Read Microsoft Word - Medicaid HAC Comments 2011-03-18 FINAL.docx text version

Donald Berwick, M.D., M.P.P. March 18, 2011 Page 1 of 6

Submitted electronically March 18, 2011 Donald Berwick, M.D., M.P.P. Administrator Centers for Medicare & Medicaid Services Department of Health and Human Services Room 445-G, Hubert H. Humphrey Building 200 Independence Avenue, S.W. Washington, DC 20201 RE: Medicaid Program; Payment Adjustment for Provider-Preventable Conditions Including Health Care-Acquired Conditions Dear Dr. Berwick: On behalf of our more than 5,000 member hospitals, health systems and other health care organizations, and our 40,000 individual members, the American Hospital Association (AHA) appreciates the opportunity to comment on the Centers for Medicare & Medicaid Services' (CMS) proposed regulation on Medicaid health care-acquired conditions. Hospitals recognize the importance of eliminating health care-acquired conditions, but we have serious reservations about the manner in which CMS has structured this Medicaid payment penalty policy. Among our concerns are the several new concepts CMS attempts to introduce to identify these conditions. Throughout our letter, we simply refer to these as health care-acquired conditions, and we think it would be best for the health care field as a whole if CMS were to also adopt this nomenclature. Our detailed comments follow.


Many hospitals belong to health systems that cross several state borders. If states are able to finalize completely different lists of health care-acquired conditions, it would be extremely difficult to manage across a health system. Rather than create additional burden by concentrating in different areas, we strongly recommend that CMS and states focus on a core set of health care-acquired conditions that are consistent across all states. Our recommendations on how CMS can ensure consistency are included in the "statutory authority" and "Medicare hospital-acquired conditions" sections below.

Donald Berwick, M.D., M.P.P. March 18, 2011 Page 2 of 6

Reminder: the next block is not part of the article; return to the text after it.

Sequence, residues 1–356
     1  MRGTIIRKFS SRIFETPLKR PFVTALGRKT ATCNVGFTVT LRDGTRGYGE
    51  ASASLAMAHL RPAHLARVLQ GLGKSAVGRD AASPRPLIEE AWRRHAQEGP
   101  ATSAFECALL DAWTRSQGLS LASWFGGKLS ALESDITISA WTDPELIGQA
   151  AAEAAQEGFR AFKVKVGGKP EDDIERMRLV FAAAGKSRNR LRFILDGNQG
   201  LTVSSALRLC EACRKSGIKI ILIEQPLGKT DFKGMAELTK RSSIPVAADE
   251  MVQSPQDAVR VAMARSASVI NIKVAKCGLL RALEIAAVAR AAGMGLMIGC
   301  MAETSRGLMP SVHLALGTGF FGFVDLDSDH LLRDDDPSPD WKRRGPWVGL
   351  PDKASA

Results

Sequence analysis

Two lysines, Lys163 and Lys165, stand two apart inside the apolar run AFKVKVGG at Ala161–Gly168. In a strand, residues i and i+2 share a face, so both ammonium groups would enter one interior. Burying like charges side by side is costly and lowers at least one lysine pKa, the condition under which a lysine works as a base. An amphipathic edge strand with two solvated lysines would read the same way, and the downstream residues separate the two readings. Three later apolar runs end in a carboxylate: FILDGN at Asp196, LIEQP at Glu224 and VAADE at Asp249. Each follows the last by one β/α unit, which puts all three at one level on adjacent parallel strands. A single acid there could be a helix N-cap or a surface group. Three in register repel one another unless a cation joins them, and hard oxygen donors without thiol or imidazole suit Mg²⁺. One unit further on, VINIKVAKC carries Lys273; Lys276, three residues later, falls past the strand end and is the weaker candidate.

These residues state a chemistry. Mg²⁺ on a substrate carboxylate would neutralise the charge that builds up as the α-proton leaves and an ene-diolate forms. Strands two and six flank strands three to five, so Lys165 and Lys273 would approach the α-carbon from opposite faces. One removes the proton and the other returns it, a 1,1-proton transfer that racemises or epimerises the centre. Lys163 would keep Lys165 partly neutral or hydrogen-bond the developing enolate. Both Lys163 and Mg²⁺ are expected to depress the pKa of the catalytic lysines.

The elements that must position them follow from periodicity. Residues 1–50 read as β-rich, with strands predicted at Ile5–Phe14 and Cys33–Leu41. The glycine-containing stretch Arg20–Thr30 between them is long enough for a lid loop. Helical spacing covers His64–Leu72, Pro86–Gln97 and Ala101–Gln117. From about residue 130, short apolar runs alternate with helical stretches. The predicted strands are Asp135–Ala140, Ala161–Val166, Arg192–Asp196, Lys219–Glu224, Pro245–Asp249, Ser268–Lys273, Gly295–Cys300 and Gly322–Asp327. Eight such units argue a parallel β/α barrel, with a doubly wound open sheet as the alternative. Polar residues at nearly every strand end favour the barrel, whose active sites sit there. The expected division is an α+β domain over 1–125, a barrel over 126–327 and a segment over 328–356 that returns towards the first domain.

CMS should first rely on the Patient Protection and Affordable Care Act (ACA) to guide states toward establishing a consistent list of Medicaid health-care acquired conditions. Section 2702 of the ACA limits CMS' application of payment prohibition for health careacquired conditions for the Medicaid program in a number of ways. We believe CMS has exceeded its statutory authority in several of the proposals made for this policy. If CMS were to closely follow the Medicare hospital-acquired conditions (HAC) policy, it would achieve a consistent set of Medicaid health care-acquired conditions, which was Congress' intent. We ask CMS and states to use the current list of Medicare HACs as the sole source from which the Medicaid health care-acquired conditions may be selected from. CMS encouraged states to consider a wide variety of sources, including the National Quality Forum's (NQF) list of Serious Reportable Events (SREs), when selecting health care-acquired conditions. However, states are not legally permitted to select from the SRE list. §2702(c) of the ACA states: In carrying out this section, the Secretary shall apply to State plans (or waivers) under title XIX of the Social Security Act the regulations promulgated pursuant to section 1886(d)(4)(D) of such Act (42 U.S.C. 1395ww(d)(4)(D)) relating to the prohibition of payments based on the presence of a secondary diagnosis code specified by the Secretary in such regulations. This statutory criterion restricts selection of health care-acquired conditions to only those that can be coded as a secondary diagnosis and are listed as either a complication or comorbidity (CC) or major complication or comorbidity (MCC) using the ICD-9-CM classification system. Not all of the SREs would trigger a higher payment in Medicare's Inpatient Prospective Payment System (IPPS). The SREs that are already selected under the Medicare HAC program are those that have secondary diagnosis codes that could trigger a higher payment. Further, because the ACA restricts the health care-acquired conditions in this way, CMS should work with several states that have already legislated Medicaid non-payment for the SREs in order to instill consistency between federal and state law. Section 1886(d)(4)(D) of the Social Security Act limits the application of the Medicare HAC policy to subsection (d) hospitals or those hospitals paid under the IPPS. This restriction also applies to the Medicaid health care-acquired conditions policy. However, CMS proposed to identify conditions for "hospital and nonhospital conditions identified by the state for nonpayment." CMS should not ask states to apply the Medicaid policy beyond IPPS hospitals. We ask that CMS explicitly state that §2702 of the ACA should be applied only to IPPS hospitals.